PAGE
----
“Il Postino” — The Composition and Legacy of Daniel Catán; presenters: Andrea Puente and Michael McMahan; 7 p.m. Tuesday, April 10; location: Santa Clarita Performing Arts Center (PAC)
Abstract: When world-famous composer and College of the Canyons music professor, Daniel Catán died unexpectedly in April 2011, he left behind a rich catalog of music, most notably his last completed opera “Il Postino.” Based on the Academy Award-winning 1994 Italian film of the same name and the 1985 novel “Ardiente Paciencia” by Antonio Skármeta, “Il Postino” tells the story of a shy young postman in a tiny Italian fishing village who discovers the courage to pursue his dreams through his daily deliveries to his only customer, the esteemed Chilean poet Pablo Neruda played by Placido Domingo. A filmed version of “Il Postino” — produced by LA Opera and PBS — will be presented, along with opening remarks about Daniel Catán’s composition process and the legacy of his foundation by his widow Andrea Puente and Michael McMahan, COC professor emeritus and the college’s former Dean of Humanities.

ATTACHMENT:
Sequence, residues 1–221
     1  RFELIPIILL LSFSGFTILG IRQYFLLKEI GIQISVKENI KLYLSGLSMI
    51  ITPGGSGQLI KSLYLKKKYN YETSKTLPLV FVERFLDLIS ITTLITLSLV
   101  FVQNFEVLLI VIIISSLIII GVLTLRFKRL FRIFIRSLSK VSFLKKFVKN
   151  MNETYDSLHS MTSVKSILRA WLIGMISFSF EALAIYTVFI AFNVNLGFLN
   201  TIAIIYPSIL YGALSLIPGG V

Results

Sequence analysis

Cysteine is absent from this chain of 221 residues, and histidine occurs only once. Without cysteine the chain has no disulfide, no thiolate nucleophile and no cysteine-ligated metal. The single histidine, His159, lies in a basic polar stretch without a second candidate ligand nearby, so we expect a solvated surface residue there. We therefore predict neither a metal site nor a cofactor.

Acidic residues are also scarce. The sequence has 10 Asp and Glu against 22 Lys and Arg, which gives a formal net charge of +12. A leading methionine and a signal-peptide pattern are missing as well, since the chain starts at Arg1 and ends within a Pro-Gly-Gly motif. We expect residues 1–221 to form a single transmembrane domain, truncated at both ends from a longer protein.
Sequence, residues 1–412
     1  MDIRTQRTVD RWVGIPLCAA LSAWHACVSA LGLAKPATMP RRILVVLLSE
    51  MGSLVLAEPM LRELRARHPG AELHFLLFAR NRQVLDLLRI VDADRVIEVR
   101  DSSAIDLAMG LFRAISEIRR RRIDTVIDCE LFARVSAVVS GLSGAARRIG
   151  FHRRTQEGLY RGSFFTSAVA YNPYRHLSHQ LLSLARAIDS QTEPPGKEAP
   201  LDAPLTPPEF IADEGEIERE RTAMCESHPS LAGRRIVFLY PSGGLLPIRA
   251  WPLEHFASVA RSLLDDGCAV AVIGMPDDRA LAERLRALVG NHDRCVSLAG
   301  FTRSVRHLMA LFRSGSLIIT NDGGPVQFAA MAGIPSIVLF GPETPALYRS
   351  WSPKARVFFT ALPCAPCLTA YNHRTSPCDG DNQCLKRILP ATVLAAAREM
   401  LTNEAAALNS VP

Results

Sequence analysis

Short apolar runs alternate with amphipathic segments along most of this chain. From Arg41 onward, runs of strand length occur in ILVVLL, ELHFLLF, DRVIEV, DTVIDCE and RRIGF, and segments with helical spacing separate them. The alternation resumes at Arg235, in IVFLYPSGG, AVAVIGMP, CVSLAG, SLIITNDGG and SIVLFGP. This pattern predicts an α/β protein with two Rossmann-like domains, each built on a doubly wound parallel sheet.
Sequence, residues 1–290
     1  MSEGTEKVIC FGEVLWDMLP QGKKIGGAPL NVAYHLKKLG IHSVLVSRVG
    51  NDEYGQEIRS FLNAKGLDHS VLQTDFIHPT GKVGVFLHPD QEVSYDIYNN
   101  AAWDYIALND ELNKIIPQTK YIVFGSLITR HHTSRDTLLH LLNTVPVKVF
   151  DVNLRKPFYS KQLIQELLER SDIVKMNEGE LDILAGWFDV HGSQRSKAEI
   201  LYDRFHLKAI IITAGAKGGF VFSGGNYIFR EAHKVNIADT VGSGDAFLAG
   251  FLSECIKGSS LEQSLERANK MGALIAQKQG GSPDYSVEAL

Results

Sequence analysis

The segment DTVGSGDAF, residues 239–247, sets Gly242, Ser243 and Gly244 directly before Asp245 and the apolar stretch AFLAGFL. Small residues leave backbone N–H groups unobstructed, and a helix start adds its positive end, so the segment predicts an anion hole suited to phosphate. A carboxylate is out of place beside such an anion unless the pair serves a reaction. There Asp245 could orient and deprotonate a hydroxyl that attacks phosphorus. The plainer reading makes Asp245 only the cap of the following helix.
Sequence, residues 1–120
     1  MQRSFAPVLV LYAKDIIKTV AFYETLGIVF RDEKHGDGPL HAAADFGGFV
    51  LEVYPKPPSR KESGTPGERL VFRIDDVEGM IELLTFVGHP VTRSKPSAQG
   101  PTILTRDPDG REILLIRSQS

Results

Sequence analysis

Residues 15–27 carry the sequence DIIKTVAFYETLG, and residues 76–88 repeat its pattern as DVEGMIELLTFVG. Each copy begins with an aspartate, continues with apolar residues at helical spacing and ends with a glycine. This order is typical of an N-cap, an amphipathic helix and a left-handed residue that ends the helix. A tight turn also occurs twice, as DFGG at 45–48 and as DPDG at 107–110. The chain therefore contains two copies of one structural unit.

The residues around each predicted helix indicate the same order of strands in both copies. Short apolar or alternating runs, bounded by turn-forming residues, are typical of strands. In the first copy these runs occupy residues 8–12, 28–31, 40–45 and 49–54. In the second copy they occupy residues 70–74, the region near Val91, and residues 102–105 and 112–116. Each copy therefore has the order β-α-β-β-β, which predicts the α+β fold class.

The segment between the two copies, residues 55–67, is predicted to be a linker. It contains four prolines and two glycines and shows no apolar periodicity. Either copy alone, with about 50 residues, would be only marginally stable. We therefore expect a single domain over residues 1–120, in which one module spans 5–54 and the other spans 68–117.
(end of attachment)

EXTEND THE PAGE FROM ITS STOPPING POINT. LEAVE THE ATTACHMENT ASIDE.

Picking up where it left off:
“The Elegance of the Hedgehog” — An Exercise in Empathy. Presenters: Pierre Etienne and Jan Keller; 4-5 p.m. Wednesday, April 11; location: Hasley Hall, Room 233
Abstract: Jan Keller, COC professor emeritus and the college’s former head librarian, will lead a discussion of the best-selling French novel “The Elegance of the Hedgehog.” Containing strong themes of empathy, the novel deals with three characters of different ages, socio-economic backgrounds, and cultures, and depicts how their ability to see kindred souls in each other provides the ability to transform their lives. Attendees will also be invited to a screening of the award-winning French language film “The Hedgehog,” which was inspired by the novel, at 7 p.m. Friday, April 13, in Hasley Hall, Room 101.
American Slaves, Arab Master: Identity and Empathy in the Modern Middle East; presenters: Jennifer Brezina, Majid Mosleh, and Brent Riffel; 1-2 p.m. Monday, April 16; location: Hasley Hall, Room 230